Back to the bookcase

A couple of weeks back, I decided to dig deep into my to-be-read pile and finally read some books that had been hiding there for years. As I mentioned in my last bookcase post, this blast from the past made me think about all those bookstores I have known, including a great many that no longer exist.

Back when I was a teenager, two things happened. First, I got a morning paper route, which netted me over $11 a week, which meant I had money to burn (in those days, comics cost 12 cents, paperbacks were 50 cents.) I also learned that if I walked twenty minutes into the center of town, I could take a bus all the way from the suburbs to the city. Rochester NY may not have been the biggest metropolis around, but it had a bustling downtown way back then, with huge old movie theaters that had cheap matinees, a central library with 10 times the books they had at the local place, and a bunch of places to buy books and magazines. My pals and I developed a circuit of the town center which included Scrantom’s (the classier bookstore in town, which always carried the new Pogo books), Neisner’s (sort of a cut-rate Woolworth’s, which always had the new monster magazines), World Wide News, which had rows and rows of magazines, including the XXX rated stuff behind the counter (which I could only sort of see and never actually bought), some mom and pop smoked shop whose name I no longer remember that somehow got all the new sf paperbacks in a few days before anybody else (where I first saw the Ace editions of LORD OF THE RINGS)> But all these places paled in comparison to the most wonderful p[arty of my bookish teen years — The Clinton Book Shop.

How can I describe the Clinton Book Shop? It was a huge warehouse of a store, with new paperbacks piled two deep in rows of bookcases that lined the front half of the store. Each row would have a separate theme — SF, mystery, romance — and would hold hundreds of different books. Farther back in the store were used books and magazines, with old pulps costing a dollar and old comics a nickle (the price eventually rose to a dime). Here, in front of me, was all the paperback science fiction there was at the time. In those days there were only half a dozen publishers each putting out a couple of books a month. You could actually read all of them if you really tried. Separate sections featured old pulp reprints (Doc Savage, Fu Manchu) and James Bond and all his fellow spies. In the very front of the store, they sold small press magazines. I bought four or five issues of Witzend there over the years. It was a wonderful place.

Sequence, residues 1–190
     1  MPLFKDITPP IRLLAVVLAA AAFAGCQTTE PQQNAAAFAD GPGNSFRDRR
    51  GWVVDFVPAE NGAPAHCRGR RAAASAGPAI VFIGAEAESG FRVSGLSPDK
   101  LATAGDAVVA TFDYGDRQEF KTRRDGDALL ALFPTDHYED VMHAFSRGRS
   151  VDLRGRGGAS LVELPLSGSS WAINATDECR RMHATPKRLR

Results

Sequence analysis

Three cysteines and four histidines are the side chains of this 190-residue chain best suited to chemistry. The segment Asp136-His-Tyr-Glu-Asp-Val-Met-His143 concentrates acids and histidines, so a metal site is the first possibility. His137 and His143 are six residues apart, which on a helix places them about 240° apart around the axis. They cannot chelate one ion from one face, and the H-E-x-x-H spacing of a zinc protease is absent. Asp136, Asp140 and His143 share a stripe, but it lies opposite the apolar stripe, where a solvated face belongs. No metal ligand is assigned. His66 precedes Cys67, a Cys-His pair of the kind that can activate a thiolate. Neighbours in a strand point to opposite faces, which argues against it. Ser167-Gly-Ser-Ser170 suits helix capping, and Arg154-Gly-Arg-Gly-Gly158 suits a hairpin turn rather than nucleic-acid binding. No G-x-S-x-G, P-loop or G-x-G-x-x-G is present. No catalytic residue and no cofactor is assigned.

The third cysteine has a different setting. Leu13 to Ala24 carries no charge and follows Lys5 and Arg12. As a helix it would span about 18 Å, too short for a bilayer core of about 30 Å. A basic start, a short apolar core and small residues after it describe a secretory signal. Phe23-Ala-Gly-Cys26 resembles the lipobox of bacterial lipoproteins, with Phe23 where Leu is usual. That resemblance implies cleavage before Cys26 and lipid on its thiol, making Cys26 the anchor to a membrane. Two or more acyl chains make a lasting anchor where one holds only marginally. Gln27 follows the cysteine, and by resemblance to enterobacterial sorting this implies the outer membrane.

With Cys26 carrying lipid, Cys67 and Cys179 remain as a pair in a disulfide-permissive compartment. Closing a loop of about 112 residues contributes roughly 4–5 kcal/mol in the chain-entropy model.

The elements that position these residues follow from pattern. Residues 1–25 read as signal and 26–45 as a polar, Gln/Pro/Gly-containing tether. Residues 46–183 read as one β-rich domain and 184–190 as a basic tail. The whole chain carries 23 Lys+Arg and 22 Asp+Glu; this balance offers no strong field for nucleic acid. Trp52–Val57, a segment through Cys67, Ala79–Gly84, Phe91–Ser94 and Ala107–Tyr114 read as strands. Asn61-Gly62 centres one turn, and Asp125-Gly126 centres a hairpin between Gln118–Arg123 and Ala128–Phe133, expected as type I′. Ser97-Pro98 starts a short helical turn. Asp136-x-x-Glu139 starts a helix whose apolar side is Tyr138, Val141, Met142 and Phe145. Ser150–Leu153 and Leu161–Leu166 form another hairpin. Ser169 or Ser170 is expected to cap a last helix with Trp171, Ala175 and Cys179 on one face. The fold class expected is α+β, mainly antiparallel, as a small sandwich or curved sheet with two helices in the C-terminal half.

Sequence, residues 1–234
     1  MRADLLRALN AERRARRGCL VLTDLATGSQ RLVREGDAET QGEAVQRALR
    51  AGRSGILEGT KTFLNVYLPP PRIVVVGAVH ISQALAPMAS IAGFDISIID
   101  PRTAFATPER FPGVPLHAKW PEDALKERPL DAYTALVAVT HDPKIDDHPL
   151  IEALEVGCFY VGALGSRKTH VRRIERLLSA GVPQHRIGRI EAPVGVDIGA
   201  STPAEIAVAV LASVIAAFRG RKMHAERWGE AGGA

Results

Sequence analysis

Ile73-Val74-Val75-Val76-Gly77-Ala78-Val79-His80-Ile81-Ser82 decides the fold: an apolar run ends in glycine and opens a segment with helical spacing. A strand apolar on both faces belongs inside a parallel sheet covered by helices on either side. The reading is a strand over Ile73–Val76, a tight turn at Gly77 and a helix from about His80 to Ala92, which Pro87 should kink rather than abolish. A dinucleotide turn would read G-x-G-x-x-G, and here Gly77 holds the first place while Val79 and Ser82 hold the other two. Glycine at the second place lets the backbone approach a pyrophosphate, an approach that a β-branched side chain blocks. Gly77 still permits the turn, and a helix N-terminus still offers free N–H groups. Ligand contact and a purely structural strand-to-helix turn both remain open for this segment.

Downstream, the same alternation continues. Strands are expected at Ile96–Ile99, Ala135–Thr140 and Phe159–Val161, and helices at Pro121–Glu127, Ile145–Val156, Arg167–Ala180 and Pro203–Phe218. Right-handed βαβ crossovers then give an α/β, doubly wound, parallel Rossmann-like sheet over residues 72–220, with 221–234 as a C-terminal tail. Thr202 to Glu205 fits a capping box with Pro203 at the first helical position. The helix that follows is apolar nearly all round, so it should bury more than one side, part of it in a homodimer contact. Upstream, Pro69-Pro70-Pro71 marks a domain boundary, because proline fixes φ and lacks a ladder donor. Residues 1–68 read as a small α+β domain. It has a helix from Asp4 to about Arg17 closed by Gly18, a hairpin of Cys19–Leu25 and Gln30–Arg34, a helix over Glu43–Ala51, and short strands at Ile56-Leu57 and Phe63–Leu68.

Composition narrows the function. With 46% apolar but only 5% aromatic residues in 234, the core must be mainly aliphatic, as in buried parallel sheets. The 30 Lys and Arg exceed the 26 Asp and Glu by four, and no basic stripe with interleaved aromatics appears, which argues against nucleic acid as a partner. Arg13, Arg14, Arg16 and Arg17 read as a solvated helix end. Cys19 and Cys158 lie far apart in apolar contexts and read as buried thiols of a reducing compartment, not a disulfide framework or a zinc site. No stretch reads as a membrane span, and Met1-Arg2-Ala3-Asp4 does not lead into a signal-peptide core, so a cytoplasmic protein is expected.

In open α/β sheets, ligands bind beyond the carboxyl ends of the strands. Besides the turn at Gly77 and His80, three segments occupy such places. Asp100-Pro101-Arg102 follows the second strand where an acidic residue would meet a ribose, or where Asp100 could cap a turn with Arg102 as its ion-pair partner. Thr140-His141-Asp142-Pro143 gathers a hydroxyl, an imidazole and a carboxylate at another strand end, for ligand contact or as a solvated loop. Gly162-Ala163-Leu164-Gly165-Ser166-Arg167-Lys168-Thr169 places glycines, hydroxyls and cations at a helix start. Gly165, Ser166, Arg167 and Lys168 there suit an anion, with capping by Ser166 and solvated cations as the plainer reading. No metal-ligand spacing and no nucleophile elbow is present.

It was also doomed. In an attempt to carry just about everything, the book store also featured Grove Press books; books full of forbidden thoughts and new ideas written by beatnik poets and other free thinkers. Well the Rochester Town Fathers couldn’t have that. So they tore down the bookstore to build a much needed parking lot. The store tried to make a go of it in a much smaller space, but it could no longer carry Everything, and the magic was gone.

But the joy of bookstores and books remained. And so I continued to shop, buying more books than I could ever read, and thus created to to-be-read bookcase. Which brings me to the second “something I’ve been meaning to read for far too long,” the seasonally appropriate SANTA STEPS OUT by Robert Devereaux.

I had heard about this book when it first got published in a small press edition. When Leisure Books reprinted it as part of their monthly horror line, I snapped it up (as I did with about half the Leisure line.) The book was supposed to be “a little different.” I’ve always liked different. But sometimes those books don’t make it to the top of the pile.

SANTA is more a fable than a horror novel. It has some horrific elements, and lots and lots of sex, not in itself a bad thing. It concerns Santa Claus, the Easter Bunny, and the Tooth Fairy, and just who these beings might have been before Christian tradition reshaped the world. Some people might find it offensive, but it’s written in such a lighthearted style that all the “dirty” parts just made me smile. Astonishingly, it is still in print. And it even has a Kindle edition.

And now, since I’ve been sticking these things at the end of all my reviews, here’s the new cover for the final Ebenezum novel, now available as an e-book from Crossroad Press!

Yes, this is the book in which Wuntvor must bowl as if his life depended on it!

Yes, this is the book in which Wuntvor must bowl as if his life depended on it!

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